How we talk about the weather. How these natural systems directly impact how a growing season unfolds, and how the year does. All the way to the bank. Just how much you need to understand the earth, the weather, the way the wind blows, to be able to make any kind of living. It is a question of survival. The immediate becomes a seasonal cycle, more important than school, than birthdays, anniversaries. We mark our days by cycles of planting, harvest. Spring, when the soil dry enough to till, a whole new crop of stones to pick, and overflow front end loader, decorate fenceline. To harvest these before a proper till, before the corn was planted. Not stone hammer or stone maul but simple stone, scraped up by scar of plow.


Instead of recess, played my scales. Another lesson. A further step from bonding with peers, already shy, removed. Out on the farm, with barely a neighbour my age. Thirteen years of lessons, told to practice instead of wasting, wandering time. I wasted time. I put my head down. Played. I suppose, then, this was discipline. Certain things were put aside.

I absorbed books, consumed them. Wrote poems, small stories, painted pictures, drew, took photographs. Self-taught guitar. Studied the shadows of clouds as they eased their slow way across hayfields, after the second summer cut. The dust cloud of mail delivery down dirt road, giving something to do. Walk up the lane to harvest weekday mail and daily paper, dog running circles around. The days that once the mail had come, there was usually nothing else external that could interfere. Much the way I still live.

Solitary exploration, a matter of course. So many times, the dog in tow. Exploring the trails through the bush beside what now my sister’s house, once where my grandmother widowed, some fifteen years alone. The trail that opened up a mouth and mossy mound rose feet away the rotting decades of my grandfather’s maple sugar shack. To the left, far further down, the sandpit where we once dumped our early 1970s garbage. The sand, the garbage, long removed, the trail grown over. Other threads and other paths since opened, built. All wide enough to roll a tractor, dual ruts, hauling once-wood for the basement furnace. The unknown corners where he set late family pets to rest, unrecorded cats and dogs. Not met with oblivion but return; they are there, still.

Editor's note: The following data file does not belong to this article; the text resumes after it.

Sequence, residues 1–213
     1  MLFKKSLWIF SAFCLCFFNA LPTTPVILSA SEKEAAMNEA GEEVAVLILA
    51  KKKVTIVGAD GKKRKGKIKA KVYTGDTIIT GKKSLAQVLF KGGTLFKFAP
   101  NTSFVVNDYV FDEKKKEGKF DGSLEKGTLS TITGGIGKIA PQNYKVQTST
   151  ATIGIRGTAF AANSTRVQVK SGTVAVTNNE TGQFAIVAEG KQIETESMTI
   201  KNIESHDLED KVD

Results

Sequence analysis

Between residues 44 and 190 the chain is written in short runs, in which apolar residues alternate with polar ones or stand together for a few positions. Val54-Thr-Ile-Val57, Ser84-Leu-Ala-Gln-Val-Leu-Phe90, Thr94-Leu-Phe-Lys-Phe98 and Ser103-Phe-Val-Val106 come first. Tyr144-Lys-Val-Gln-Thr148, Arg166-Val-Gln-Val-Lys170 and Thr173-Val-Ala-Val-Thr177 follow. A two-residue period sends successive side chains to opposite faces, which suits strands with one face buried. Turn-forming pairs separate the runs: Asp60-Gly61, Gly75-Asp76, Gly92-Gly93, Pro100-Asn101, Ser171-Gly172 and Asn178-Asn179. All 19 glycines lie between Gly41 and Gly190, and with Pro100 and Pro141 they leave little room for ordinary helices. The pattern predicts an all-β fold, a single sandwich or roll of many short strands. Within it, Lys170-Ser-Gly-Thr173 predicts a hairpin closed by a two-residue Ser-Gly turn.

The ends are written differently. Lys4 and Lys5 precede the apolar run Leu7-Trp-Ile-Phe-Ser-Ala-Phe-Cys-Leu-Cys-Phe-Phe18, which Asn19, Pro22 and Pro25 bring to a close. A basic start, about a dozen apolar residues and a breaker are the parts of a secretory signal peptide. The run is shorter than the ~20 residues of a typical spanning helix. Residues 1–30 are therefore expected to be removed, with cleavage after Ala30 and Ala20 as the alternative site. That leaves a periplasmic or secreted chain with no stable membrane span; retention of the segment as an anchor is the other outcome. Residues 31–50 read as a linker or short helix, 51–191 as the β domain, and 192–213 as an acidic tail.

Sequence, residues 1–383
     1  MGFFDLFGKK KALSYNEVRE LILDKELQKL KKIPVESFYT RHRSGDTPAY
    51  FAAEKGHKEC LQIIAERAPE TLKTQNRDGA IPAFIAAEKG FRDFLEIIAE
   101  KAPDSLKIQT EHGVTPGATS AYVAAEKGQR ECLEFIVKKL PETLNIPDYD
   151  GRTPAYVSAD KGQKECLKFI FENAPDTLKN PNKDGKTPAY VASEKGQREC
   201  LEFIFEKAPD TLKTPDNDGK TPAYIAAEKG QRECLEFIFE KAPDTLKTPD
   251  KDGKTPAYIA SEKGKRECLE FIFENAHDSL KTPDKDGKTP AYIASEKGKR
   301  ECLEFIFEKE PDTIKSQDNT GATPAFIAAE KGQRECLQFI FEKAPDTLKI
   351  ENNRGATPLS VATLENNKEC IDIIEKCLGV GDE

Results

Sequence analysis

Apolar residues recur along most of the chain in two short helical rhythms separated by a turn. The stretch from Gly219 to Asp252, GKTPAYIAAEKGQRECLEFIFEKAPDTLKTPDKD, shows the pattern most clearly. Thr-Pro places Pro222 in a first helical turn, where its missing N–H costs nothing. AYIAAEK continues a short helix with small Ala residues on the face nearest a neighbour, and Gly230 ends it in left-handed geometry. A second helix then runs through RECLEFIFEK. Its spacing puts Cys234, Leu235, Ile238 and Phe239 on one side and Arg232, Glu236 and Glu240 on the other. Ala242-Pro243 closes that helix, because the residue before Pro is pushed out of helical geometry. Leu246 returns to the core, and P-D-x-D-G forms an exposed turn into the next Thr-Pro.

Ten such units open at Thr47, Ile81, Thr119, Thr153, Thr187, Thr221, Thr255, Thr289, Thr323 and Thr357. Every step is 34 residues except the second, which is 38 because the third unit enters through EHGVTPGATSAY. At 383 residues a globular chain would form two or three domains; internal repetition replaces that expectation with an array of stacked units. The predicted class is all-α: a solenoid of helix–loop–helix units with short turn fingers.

The world outside the house a language that requires itself to be understood, if one is to depend on such for livelihood, direction. Inside the farmhouse, another sort of language existed, constructed out of singular, similar silences. Codes not taught or explained, and often defied comprehension. Learning another language by rote, by trial-and-error. We would not speak, thus.


Poet Phil Hall speaks of tokens, essential remnants, markers. The heart of history engages and emerges from our objects, often. A washboard from cobwebbed basement, my grandfather’s ancient film camera, his shaving travel case I carry. Who we are and where we’re from a thing constantly renegotiated, something carried within, no matter where we might end up. Foundations rarely change, no matter subsequent constructions.

My apartment is littered. Tokens, large and small. Hall’s fill up the barn behind his Perth-area cottage. What do these magpie tendencies, these impulses, mean? Where do they take us? Or do they stabilize. Not hold back, nor hold in place. Foundations.


Is it possible to be pastoral in a city? Does a city provide, not an automatic relationship with the land but with ideas? When you pave the bare earth over, does your relationship become distant, distracted, even artificial? Not so, I know. Still. Hot sun bounces off concrete back up, resonates further heat. Is not absorbed into the still-cool earth. In a big city, under a tree in the shadiest part of cool, of park. 

The predominant work of my twenties, learning to read the language of cities. The rumble of OC Transpo bus around the corner, felt before seen. Navigating sidesteps from the breath of exhaust, a patch of water splashed from passing cars. Identify the direction of smoke before the strawberry lights and wail of sirens locate. The reduced ice build-up on the north sidewalks of Centretown east-west streets that winter sun provides, the shade of cooler south for summer. The patterns of traffic lights.

Attention, even before any conversation concerning wilderness as subject. A city pastoral, the wilderness that lives in collaboration with our attempts, insistences, on domesticity. Control. Is still a wild animal. Trees live no differently than in the wild, and birds as well, adapting. When these adaptations take, wouldn’t our pastorals shift as well? A matter of attention, beyond eco-poetry, beyond green. Already there, part of a system larger than ourselves, one we simply should admit to being part of.

Seasons shift, the rain. The shifts in weather that tear down fragile barriers, monuments to our imagined, shallow attempts at dominance over nature. No matter how hard we try. New Orleans.

The rain still streams down Nanny Goat Hill, rolling west down Somerset West to Preston Street. The world exists, and here we are, a part.


What this, pastoral. So called. So often dismissed for how deeply it is misconstrued, needlessly reduced. Ignoring the boundaries for the oversimplifications. Why border such at all? Why forsake the wilderness entirely for only fields? Not merely metaphor-driven lyric narratives, but a matter of attention. Not as Anne Simpson alludes in her The Marram Grass: Poetry & Otherness (2009), a poetry, a pastoral, separate from the natural world, but a human consideration and experience already a component part; exploring relationships I would argue, instead, between the two. We already live in the world, why pretend to be apart? Include Monty Reid’s Flat Side (1998), Barry McKinnon’s Pulp/Log (1991), or Don McKay’s Long Sault (1975). Margaret Christakos’ Not Egypt (1989), Welling (2010). Karen Solie’s Pigeon (2009). Phil Hall’s The Little Seamstress (2010). Ken Belford. Peter Culley. For example.

This is about attention, not of stepping back into how poems once were, should be. This is an attempt to pay attention. Pay attention.

1 comment:

TC said...

The pastoral revivified. Splendid.